This month saw the first flowering of our Poppy Beds flanking the Terraces. Sown in 2015, these contain Himalayan poppies (like the blue Meconopsis seen here) and primulas. Our garden team also celebrated winning a national horticulture award for Best Garden Restoration (for the Far End, opened in 2015) – Maxine, Steve and Nathan (seen below) put on their best bibs and tuckers to attend a prize-giving at Chelsea Physic Garden, London.
June is traditionally Laburnum Arch time but this year we also unveiled a floral wow of the future – The Penjerrick Walk. This is a newly planted avenue of historic rhododendrons on Furnace Hill, a garden area under renovation which opens to the public in spring 2017. We hope the 100m long Penjerrick Walk will be a feature to rival the Laburnum Arch in generations to come. Head gardener John Rippin (seen below) welcomed the press for a sneak preview of Furnace, unveiling an artists’s impression of how the Penjerrick Walk could look in future.
The arch itself was featured on Gardener’s World (seen filming, below) and attracted a record-breaking crowds – 20,000 visitors in the first week of June – which kept our Laburnum Archers, along with other volunteers and staff, on their toes!
In June we also had a day by the seaside in Llandudno where we set up a patio garden on the prom. Staff and volunteers, bearing home-made lemonade and shortbread, were able to chat with passers-by about the #WorldOfGardens around @NationalTrustWales.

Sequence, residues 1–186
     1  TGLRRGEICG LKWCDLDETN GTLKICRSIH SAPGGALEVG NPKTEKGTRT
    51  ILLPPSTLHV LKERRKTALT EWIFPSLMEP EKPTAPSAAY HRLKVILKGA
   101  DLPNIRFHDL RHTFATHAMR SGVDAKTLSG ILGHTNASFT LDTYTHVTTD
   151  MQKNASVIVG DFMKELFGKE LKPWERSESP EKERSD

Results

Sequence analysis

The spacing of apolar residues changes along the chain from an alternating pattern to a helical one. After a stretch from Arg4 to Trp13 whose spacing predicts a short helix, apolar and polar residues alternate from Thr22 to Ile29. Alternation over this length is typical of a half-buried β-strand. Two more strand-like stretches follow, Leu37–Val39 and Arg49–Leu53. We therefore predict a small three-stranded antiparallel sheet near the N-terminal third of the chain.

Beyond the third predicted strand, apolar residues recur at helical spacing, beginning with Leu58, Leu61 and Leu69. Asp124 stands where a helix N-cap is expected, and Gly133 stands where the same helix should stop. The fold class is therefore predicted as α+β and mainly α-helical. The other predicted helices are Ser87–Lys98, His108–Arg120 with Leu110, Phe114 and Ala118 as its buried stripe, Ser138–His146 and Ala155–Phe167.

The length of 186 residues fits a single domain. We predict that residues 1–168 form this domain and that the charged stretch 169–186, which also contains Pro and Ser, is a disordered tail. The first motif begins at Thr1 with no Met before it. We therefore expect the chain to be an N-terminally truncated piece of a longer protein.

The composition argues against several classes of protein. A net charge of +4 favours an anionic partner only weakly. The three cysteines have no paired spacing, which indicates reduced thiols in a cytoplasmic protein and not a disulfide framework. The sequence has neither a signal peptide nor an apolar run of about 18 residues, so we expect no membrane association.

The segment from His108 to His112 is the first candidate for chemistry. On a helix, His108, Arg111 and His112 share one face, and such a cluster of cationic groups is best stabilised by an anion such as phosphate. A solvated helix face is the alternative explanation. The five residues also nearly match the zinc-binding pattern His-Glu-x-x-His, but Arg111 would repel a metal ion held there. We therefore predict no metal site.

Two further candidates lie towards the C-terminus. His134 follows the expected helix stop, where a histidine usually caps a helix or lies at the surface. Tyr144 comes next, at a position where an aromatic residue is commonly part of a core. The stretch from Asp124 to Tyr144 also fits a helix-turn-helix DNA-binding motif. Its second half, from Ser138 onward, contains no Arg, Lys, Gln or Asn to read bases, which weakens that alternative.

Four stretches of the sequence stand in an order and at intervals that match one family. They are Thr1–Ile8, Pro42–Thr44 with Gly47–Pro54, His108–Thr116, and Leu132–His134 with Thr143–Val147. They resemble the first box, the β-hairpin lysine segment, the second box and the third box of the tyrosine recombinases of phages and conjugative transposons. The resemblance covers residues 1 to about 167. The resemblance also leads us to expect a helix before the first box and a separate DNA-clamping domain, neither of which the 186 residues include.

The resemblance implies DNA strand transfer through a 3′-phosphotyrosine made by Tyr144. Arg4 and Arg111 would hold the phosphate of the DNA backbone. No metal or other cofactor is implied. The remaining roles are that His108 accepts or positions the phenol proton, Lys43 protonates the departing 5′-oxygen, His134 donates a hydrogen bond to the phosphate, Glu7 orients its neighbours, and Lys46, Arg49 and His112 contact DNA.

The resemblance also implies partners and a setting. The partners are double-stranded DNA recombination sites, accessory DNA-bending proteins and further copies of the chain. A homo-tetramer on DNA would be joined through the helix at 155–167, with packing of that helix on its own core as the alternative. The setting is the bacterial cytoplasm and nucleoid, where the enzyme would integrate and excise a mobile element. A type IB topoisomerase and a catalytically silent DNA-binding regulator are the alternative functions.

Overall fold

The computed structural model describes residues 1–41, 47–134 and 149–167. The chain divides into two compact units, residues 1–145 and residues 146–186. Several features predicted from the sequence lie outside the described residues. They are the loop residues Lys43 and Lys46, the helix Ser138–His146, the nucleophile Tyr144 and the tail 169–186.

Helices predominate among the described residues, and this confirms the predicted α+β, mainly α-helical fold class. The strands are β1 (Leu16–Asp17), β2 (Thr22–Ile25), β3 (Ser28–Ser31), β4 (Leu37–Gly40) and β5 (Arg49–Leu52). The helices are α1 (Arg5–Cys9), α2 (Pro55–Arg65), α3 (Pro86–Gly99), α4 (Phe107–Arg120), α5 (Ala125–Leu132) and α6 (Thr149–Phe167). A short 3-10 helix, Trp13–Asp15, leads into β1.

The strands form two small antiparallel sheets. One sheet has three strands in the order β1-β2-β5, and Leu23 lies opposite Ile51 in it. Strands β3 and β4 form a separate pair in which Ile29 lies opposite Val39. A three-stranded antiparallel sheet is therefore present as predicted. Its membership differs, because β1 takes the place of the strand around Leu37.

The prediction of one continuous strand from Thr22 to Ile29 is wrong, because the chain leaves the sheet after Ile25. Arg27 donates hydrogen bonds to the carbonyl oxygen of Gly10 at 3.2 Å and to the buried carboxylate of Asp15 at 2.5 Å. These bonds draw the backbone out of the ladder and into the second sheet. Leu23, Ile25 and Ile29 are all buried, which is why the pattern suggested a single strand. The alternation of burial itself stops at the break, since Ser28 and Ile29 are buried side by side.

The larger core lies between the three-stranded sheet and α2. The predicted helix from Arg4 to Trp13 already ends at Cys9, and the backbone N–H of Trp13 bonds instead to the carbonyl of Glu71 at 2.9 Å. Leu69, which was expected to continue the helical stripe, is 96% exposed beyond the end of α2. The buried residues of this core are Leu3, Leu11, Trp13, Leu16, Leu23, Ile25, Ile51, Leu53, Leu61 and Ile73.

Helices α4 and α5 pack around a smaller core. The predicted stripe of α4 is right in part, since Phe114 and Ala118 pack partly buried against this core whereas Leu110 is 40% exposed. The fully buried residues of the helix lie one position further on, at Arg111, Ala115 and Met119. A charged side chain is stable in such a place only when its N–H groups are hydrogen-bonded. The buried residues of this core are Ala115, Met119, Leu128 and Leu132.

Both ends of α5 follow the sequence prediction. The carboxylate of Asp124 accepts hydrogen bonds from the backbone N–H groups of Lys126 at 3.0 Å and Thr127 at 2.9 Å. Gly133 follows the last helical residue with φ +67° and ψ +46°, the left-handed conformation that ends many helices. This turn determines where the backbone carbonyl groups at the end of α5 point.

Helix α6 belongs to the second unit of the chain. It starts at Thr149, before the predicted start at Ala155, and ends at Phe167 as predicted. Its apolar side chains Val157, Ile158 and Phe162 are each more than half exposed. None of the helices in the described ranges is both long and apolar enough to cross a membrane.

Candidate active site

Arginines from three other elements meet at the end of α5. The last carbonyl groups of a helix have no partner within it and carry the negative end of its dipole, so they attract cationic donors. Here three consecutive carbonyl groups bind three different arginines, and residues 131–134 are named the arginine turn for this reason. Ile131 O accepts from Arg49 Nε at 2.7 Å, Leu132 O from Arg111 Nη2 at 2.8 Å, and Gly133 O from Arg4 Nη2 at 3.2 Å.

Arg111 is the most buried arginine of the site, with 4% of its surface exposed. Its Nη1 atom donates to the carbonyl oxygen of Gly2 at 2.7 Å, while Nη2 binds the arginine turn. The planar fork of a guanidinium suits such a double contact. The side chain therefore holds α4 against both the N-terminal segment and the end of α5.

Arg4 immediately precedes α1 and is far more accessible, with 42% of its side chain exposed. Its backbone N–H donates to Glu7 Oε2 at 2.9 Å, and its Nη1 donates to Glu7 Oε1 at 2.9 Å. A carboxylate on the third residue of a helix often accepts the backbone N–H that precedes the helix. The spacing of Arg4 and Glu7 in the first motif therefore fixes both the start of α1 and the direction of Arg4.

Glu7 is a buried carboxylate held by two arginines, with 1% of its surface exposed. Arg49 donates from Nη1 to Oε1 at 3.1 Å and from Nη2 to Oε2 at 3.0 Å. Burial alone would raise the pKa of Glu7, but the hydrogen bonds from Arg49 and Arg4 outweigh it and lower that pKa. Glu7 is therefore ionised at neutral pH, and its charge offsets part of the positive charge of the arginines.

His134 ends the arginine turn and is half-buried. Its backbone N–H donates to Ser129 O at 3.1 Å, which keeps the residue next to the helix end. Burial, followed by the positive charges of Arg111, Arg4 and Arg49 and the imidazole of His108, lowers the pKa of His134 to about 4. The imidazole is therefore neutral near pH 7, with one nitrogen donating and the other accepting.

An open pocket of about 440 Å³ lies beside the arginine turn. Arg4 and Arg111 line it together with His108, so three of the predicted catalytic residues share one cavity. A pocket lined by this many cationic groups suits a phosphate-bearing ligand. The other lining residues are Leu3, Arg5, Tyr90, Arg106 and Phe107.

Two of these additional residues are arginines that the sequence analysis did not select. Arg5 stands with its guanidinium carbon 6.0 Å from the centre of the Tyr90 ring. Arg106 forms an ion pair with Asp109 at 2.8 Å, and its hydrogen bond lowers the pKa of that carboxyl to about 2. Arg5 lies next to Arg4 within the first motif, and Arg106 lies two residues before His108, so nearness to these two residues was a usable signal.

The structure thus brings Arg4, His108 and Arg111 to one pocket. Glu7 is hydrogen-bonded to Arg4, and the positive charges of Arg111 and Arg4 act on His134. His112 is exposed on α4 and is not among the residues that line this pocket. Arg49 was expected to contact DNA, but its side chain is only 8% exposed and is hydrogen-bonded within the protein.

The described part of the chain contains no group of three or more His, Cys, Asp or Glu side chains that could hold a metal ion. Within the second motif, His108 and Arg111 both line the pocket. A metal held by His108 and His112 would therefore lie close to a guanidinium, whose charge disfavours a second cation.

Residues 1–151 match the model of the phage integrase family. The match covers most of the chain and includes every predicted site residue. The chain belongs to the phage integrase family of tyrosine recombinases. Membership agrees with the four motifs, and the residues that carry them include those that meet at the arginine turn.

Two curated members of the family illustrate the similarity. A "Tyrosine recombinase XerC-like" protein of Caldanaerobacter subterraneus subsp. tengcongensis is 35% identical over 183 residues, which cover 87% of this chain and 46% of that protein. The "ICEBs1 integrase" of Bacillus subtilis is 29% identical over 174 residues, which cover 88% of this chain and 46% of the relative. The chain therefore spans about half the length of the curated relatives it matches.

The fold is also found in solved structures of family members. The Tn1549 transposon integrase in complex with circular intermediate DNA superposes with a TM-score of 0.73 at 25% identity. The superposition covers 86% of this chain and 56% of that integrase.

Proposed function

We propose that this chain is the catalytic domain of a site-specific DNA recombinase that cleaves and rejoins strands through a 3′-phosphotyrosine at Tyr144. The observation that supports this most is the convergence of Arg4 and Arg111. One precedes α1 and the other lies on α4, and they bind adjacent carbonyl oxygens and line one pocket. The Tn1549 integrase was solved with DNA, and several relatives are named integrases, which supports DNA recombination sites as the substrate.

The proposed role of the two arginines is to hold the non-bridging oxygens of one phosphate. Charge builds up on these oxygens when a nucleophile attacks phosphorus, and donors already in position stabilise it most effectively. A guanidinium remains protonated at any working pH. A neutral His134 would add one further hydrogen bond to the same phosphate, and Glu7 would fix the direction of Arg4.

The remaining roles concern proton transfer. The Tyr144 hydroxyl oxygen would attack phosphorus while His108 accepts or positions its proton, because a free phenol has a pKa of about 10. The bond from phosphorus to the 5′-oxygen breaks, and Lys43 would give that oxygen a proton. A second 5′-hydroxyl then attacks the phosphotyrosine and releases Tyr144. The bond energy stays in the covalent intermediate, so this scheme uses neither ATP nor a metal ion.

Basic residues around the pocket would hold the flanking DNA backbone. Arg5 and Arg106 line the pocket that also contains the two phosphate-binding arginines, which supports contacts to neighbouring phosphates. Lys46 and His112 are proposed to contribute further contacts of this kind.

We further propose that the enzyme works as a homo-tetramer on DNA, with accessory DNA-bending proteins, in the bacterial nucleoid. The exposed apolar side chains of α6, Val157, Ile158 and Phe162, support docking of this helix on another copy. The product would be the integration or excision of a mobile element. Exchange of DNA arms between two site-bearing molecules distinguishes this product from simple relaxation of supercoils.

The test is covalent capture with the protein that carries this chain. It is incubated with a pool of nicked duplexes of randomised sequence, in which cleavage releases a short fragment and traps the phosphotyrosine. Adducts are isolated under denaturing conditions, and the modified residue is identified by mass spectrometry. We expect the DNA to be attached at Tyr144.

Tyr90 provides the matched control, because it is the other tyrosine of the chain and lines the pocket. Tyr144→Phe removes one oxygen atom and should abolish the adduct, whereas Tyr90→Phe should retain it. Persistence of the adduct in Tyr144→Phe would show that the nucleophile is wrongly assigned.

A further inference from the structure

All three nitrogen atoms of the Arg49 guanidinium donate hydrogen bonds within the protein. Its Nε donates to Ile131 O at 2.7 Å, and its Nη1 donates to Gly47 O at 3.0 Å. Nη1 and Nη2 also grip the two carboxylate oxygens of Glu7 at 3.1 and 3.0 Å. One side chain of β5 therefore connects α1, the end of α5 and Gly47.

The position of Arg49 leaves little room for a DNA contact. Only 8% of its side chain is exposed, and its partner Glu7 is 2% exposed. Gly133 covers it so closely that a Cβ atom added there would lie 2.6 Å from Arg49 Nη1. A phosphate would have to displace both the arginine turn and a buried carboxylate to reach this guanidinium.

July sunshine brought out the wildflowers (and wildlife) on our temporary Canal Terrace borders. The collection was chosen by the public in response to our #PinMillFlowerPoll held earlier in the year. Thanks everyone who voted, the results were outstanding! These borders are now being permanently re-designed – watch this space.
In August the garden was brought to life with a host of #50Things events like Pooh-Sticking, den building, pond dipping and bug hunting. We also hosted a textile exhibition staged by the members of North Wales Embroiderers’ Guild, whose beautiful, colourful, skilful work decorated the garden for two weeks through the summer (some of it modelled, below, by our volunteers.) The young musicians of Denbighshire Music Co-operative brought a summer party to the garden with a performance in front of the Pin Mill and the holidays closed with a bank holiday tree climbing weekend.